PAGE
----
I want to go through a bunch of machine bits and pieces with you so what better place to start..... Coils.
What is the coil core made from ? The core needs to be either iron or low carbon steel. there is actually very little difference between the two magnetically but from a cost point of view low carbon steel is the popular choice.
Technical : iron is just that... pure iron, mild steel or low carbon steel is an alloy of iron and carbon ( and some other bits and pieces in there for good measure ). Pure iron when heated becomes soft and workable, for example when blacksmiths heat and hammer to shape horseshoes. Add a small amount of carbon and it becomes stronger. Low carbon would be from say 0.05 to 0.25 % carbon content. No need to get much more complicated that that. The bolt hole to attach the core to the machine needs to be as shallow as you can get away with so that the core is solid and not hollow.
Why are there different height coils, some seem shorter than others ? To be honest, this is pretty much down to personal choice. I mostly build machines with shorty style one inch coils but the majority of machines out there use inch and a quarter coils.
Technical : Fact is that the shorter coils offer a lower centre of gravity on a machine which is why I make them that way, however, because the gap between the tip of the armature bar where your needle attaches and the vice clamp is slightly less you will need to set up your tips and grips differently and if you use fixed disposable tip grip combos then the machine will sit a little bit differently over your hand. Some prefer it but some it doesn’t suit. There is also a slight weight advantage with shorter coils obviously being lighter and the frame of the machine can be a bit smaller so the overall weight saving can be significant and make a difference.
What does it mean when they say 8 wrap coils or 10 wrap coils ? This actually refers to the amount of layers of wire over the coil cores. The technical term is actually layers but as we wrap the wire around the core I guess the name “wraps” has stuck.
Technical : However coils are wound, by hand or machine, the result is hopefully to get the wire onto the core nice and close together and tight to make it efficient. Starting at the bottom where the wire comes through the bottom coil washer, you wind to the top washer, that is then one wrap or layer. The wire turns back on itself as you turn the core and starts back on the next layer and so on until you have the desired amount. If you have an even amount of layers then it makes life easier to bring the tail end of the wire out through the bottom washer .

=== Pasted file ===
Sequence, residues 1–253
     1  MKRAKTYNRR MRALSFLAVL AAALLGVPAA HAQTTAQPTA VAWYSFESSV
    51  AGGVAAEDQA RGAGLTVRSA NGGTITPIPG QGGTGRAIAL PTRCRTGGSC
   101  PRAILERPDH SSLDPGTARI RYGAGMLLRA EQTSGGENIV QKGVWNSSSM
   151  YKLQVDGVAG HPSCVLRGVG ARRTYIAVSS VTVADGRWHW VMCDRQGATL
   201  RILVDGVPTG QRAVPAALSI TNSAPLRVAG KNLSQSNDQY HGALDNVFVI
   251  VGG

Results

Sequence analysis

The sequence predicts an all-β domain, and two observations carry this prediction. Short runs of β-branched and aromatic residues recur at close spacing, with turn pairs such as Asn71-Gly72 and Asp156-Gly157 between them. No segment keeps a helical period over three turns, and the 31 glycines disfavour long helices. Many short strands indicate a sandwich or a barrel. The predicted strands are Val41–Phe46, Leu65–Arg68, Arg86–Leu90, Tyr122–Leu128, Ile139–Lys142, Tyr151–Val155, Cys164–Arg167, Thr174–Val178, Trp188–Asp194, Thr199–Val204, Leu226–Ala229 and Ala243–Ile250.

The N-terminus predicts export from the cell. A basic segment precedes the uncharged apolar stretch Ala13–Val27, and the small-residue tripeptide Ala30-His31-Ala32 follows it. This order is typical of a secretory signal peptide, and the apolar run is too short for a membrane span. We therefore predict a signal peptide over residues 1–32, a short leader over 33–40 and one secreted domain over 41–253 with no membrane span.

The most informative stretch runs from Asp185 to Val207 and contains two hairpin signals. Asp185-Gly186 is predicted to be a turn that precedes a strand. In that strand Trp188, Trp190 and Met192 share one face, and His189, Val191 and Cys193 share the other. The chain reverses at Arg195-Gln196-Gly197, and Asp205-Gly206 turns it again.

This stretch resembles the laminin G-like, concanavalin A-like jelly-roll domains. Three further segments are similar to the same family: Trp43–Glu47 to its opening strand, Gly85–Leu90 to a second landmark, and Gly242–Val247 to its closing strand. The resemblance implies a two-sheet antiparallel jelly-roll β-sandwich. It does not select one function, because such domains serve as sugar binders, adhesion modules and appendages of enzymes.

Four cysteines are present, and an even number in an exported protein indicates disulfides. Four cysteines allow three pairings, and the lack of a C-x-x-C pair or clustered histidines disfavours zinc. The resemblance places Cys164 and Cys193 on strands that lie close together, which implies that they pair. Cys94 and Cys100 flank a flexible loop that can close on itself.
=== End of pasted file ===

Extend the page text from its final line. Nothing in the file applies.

So what is the difference between the various sizes of coils and why the choice ? I am going to have to get technical for a bit on this but basically less wraps means less power so you could have a nice fast machine with 6 wraps that will be great for small lines but it just won’t work well pushing big needle groups for colour packing. Same as if you have a nice big set of 12 wraps on a machine, they will be far more suited to pushing bigger needles than small fine work. That’s the very short answer.
Technical : We need to get much more technical on this answer to have a fuller understanding of the differences. Let me start by comparing 6 and 12 wrap coils. Height of the coils doesn’t matter at this point. A 12 layer coil will, you would think, have twice as much wire on it as a 6 layer. well, it actually has a lot more than twice as much because what you have to bear in mind is that as you add each wrap/layer to the coil, it is getting thicker, so by layer six the coil is already quite wide. So when you add layer 7 it is going to take a lot more wire than when you added layer one and so on. So, when you put your voltage into your coils via power pack etc, it takes a lot longer to travel around a pair of 12 wrap coils than it would to wizz around a pair of nice tight 6 wraps. So, bearing this in mind, the 6 wraps will be faster coils and more suited to a small liner. It is also very easy to overload coils without knowing their limits, especially in these days of big bold lines and huge needles groupings. Personally I wind my coils with ten layers of wire. I find it to be a good happy medium between power and speed. 8 wraps are great but if driven hard may well heat up and 12 wraps will increase the weight of your machine. Obviously 12 or 14 wraps aren’t exclusively for shaders as many like a heavy liner and using the correct spring combination will do exactly what you want.